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Thursday October 28, 2021

HRCP shows anger at anti-forced conversion bill’s rejection

October 15, 2021
HRCP shows anger at anti-forced conversion bill’s rejection

Showing their anger over a parliamentary panel’s decision to reject an anti-forced conversion bill, minority leaders on Thursday slammed the government for its “indifference” towards religious minorities living in the country.

A parliamentary committee on Wednesday rejected the bill after the ministry of religious affairs opposed the proposed law, while lawmakers from minority communities protested the decision.

The Human Rights Commission of Pakistan said that it stands in solidarity with lawmakers from religious minorities who have rightly called for a bill against forced conversions.

“We condemn the government's U-turn on what is a grave human rights concern in Pakistan. Not only must the government legislate against forced conversions, but it must also build a far more effective legal framework protecting the constitutional right of religious minorities to practice and profess their own faiths by implementing the 2014 Tasadduq Jillani judgment,” the HRCP said. Dr Birma Jesrani, a prominent human rights activist, said the government's decision of rejecting the bill would make life a living hell for minorities in the country.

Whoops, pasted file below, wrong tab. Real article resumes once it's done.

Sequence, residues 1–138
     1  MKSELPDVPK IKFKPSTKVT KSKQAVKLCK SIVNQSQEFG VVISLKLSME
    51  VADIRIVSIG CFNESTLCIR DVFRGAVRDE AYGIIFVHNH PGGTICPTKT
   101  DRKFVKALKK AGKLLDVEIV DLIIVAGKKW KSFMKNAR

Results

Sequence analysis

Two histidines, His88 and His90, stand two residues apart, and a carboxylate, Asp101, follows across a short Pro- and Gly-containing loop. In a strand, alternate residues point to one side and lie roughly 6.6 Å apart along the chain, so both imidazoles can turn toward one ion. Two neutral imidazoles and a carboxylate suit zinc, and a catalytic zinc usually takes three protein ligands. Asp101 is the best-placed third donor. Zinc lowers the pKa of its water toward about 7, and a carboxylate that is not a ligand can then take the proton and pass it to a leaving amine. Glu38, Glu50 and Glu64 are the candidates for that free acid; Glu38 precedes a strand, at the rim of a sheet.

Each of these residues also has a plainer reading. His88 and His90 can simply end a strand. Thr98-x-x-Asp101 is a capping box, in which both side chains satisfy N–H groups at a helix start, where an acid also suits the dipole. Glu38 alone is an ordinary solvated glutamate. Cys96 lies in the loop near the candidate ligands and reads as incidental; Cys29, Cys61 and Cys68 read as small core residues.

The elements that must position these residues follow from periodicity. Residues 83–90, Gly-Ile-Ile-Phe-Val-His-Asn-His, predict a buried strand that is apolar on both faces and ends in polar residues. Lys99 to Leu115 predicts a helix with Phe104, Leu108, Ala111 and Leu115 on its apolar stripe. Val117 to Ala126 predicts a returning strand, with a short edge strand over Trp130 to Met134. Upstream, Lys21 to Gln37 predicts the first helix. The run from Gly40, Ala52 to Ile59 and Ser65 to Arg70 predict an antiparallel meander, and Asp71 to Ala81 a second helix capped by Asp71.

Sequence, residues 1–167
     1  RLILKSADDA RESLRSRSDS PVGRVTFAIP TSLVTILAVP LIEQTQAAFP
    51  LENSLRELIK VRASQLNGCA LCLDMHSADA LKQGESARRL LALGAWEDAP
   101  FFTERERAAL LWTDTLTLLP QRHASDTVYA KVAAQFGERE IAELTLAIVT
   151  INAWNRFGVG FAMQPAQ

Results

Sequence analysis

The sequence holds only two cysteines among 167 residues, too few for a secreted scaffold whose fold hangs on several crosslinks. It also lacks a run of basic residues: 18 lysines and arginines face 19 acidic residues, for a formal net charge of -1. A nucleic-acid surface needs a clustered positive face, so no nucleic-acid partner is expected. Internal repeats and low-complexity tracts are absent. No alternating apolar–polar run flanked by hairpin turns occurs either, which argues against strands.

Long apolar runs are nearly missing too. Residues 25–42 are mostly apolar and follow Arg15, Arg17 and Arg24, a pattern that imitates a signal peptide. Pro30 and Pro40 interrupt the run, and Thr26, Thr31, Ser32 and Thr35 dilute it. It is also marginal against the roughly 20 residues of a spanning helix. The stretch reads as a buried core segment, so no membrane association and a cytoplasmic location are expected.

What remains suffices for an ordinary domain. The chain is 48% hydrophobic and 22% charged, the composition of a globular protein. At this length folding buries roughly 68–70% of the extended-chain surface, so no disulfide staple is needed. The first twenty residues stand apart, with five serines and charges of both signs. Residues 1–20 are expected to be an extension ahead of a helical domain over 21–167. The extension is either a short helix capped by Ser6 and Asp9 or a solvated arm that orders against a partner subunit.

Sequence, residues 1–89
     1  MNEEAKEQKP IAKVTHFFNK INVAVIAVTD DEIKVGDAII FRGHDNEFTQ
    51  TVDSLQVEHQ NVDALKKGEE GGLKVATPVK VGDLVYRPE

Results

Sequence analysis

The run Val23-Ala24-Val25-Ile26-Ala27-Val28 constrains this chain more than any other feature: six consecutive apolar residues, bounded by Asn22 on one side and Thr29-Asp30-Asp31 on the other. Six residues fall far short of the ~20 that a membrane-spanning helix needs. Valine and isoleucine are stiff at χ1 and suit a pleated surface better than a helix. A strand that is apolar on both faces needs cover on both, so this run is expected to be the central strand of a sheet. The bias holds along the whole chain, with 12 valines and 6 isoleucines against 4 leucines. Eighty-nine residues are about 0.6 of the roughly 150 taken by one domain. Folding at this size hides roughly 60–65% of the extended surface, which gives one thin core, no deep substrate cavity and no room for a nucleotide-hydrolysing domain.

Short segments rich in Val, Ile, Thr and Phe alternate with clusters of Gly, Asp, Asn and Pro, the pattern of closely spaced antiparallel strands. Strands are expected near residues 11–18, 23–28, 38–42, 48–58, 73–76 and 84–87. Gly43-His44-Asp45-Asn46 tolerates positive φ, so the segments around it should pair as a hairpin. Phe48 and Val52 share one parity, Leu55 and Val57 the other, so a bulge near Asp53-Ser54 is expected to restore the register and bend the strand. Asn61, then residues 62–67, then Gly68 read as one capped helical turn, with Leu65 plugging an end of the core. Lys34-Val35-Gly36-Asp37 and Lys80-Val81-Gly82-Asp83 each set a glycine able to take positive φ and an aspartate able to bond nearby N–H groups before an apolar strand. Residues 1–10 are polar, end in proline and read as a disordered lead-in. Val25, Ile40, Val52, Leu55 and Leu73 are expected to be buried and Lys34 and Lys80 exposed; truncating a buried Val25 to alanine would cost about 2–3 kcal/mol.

“For years, girls from minority communities are being kidnapped and forcibly converted and no one from the government stands with the religious minorities,” said Jesrani, who organised several protests against incidents of forced conversions in Karachi in the past.

Raj Kumar Wanjara, the Secular Sindh Forum’s chairman, has condemned the blocking of the bill and said that religion had nothing to do with the business of the state.

“Minorities in Pakistan demand nothing less than the implementation of the promises made by Quaid-e-Azam Muhammad Ali Jinnah, but unfortunately, the government through their such acts [rejecting the anti-forced conversion bill] are working against the promises of Jinnah.”